COVID-19 can alter the brain’s functional connectivity pattern, study shows | AGÊNCIA FAPESP

COVID-19 can alter the brain’s functional connectivity pattern, study shows The blue lines in the image represent connections diminished in post-COVID brains compared to the control group. The red lines show connections augmented in participants who had been infected by SARS-CoV-2 (image: Brunno Machado de Campos/UNICAMP)

COVID-19 can alter the brain’s functional connectivity pattern, study shows

February 10, 2021

By Karina Toledo  |  Agência FAPESP – Preliminary findings of a study conducted at the University of Campinas (UNICAMP) suggest that even mild cases of COVID-19 can alter the brain’s functional connectivity pattern, causing a kind of synaptic “short circuit”.

The findings are based on a comparison of functional magnetic resonance imaging (fMRI) scans performed with a rest sequence on 86 volunteers who had recovered from the disease at least two months previously, and scans on a control group of 125 subjects who had never contracted the disease.

“In a normal brain, certain areas are synchronized during an activity, while others are at rest. In these subjects who had COVID-19, we observed a severe loss of brain network specificity. Everything’s connected at the same time. This probably leads to an increase in energy expenditure by the brain, which nevertheless becomes less efficient,” said Clarissa Yasuda, a neurologist, professor at UNICAMP’s Medical School (FCM-UNICAMP) and member of the Brazilian Research Institute for Neuroscience and Neurotechnology (BRAINN), one of the Research, Innovation and Dissemination Centers (RIDCs) funded by FAPESP.

Yasuda presented the findings, which have not yet been published, on January 27 during the 7th BRAINN Congress. The study is still in progress, and the group plan to include more participants, tracking the complications caused by the novel coronavirus to the central nervous system for at least three years.

According to Yasuda, exactly how the virus alters brain connectivity is unknown, but some theories are worth investigating. “It’s possible that infection by the virus damages the synapses in certain neuronal circuits, and to compensate for the resulting signal failure the brain activates other networks simultaneously,” she told Agência FAPESP. “This hyperconnectivity may also be an attempt by the brain to restore communication in the affected areas.”

Another possible explanation to be tested by the group is that cerebral dysfunction lies behind some of the longer-term complications of COVID-19 reported by many patients, such as fatigue, daytime sleepiness, memory loss, and confusion (“brain fog”).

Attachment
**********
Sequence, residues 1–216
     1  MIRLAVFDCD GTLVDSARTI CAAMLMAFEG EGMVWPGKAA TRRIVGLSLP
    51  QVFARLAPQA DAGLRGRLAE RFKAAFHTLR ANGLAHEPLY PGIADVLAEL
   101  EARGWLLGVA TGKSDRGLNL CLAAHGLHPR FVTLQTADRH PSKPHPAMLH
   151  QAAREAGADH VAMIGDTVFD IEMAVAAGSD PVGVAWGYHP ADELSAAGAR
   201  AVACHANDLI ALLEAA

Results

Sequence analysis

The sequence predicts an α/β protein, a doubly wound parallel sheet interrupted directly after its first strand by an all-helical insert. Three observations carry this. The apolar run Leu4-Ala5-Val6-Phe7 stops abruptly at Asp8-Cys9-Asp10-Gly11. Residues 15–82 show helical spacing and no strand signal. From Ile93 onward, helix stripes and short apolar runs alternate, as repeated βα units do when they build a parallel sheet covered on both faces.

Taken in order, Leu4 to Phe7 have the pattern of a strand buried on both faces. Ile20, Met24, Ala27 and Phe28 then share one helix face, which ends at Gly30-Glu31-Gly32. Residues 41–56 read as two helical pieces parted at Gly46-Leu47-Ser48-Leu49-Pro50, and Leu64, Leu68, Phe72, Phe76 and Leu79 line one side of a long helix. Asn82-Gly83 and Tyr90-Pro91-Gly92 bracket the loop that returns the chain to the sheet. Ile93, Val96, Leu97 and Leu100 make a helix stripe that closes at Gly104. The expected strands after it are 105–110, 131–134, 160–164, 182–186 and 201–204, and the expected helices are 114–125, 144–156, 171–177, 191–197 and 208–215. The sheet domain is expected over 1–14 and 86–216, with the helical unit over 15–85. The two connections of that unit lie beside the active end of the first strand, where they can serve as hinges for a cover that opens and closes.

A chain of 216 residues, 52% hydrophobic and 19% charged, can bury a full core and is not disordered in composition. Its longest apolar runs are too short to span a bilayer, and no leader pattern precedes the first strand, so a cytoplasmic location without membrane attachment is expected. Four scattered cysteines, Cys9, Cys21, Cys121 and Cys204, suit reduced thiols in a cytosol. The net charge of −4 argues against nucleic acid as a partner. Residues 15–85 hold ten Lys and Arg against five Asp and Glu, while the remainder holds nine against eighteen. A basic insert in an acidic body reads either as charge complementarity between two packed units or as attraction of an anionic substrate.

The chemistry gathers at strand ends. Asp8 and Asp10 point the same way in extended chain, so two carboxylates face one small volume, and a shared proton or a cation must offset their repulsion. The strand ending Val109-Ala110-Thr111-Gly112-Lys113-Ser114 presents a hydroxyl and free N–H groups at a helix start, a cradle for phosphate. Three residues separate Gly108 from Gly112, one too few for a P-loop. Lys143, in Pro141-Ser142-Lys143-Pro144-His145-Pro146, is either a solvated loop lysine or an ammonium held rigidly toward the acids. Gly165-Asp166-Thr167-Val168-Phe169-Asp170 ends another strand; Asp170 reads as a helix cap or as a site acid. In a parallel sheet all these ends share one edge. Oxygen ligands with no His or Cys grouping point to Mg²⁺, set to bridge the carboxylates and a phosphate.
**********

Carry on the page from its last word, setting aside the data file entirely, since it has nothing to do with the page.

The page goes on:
“We plan to compare brain function in patients with these long COVID symptoms and patients who make a full recovery without post-COVID syndrome,” Yasuda said. “If our research bears out the correlation between hyperconnectivity and persistent neuropsychological symptoms, we may think about drugs and other kinds of treatment for the problem.”

Structural and functional alterations

Work on the project began in the second half of 2020 with an online questionnaire completed by more than 2,000 people in all regions of Brazil. Only individuals diagnosed with the disease by RT-PCR were eligible. Around 90% did not require hospitalization and were treated at home. In this phase, the participants reported the symptoms experienced about two months after they were diagnosed. The most common were fatigue (53.5%), headache (40.3%), and memory loss (37%).

After six months, 642 respondents to another online survey reported long-term complications such as fatigue (59.5%), daytime sleepiness (36.3%), memory loss (54.2%), difficulty concentrating (47%), and impairment of routine activities (23.5%). In addition, symptoms of anxiety were reported by 41.9%, well above the average for the Brazilian population, which is about 10%.

Some of the volunteers were physically examined by the researchers, given neuropsychological tests to assess cognitive functions such as memory and attention, and submitted to fMRI brain scans for analysis of gray matter (containing neuronal cell bodies) and white matter (axons and glial cells). These assessments were performed when the acute phase had ended, on average 55 days after diagnosis.

“We adjusted the results of the neuropsychological tests for age, sex, and educational attainment,” Yasuda said. “Subjects with long COVID syndrome performed much worse than expected in cognitive terms, indeed worse than the Brazilian average for some tasks.”

The fMRI scans showed that some volunteers had decreased cortical thickness in some brain regions compared with the average for controls, including areas relating to anxiety. Cortical thickness was increased in others, possibly due to swelling as a result of the infection (read more at:  

More recently, using a technique called tractography, the researchers found lesions in the white matter microstructure but the implications are as yet unknown. Tracts are neural pathways in the central nervous system. 

“No one really knows exactly how the virus affects the brain, whether the damage is indirect, resulting somehow from inflammation, or directly due to infection of brain cells,” Yasuda said. “In any event, the findings are surprising and a little alarming. I think it’s very clear that COVID-19 is much more dangerous than flu.”




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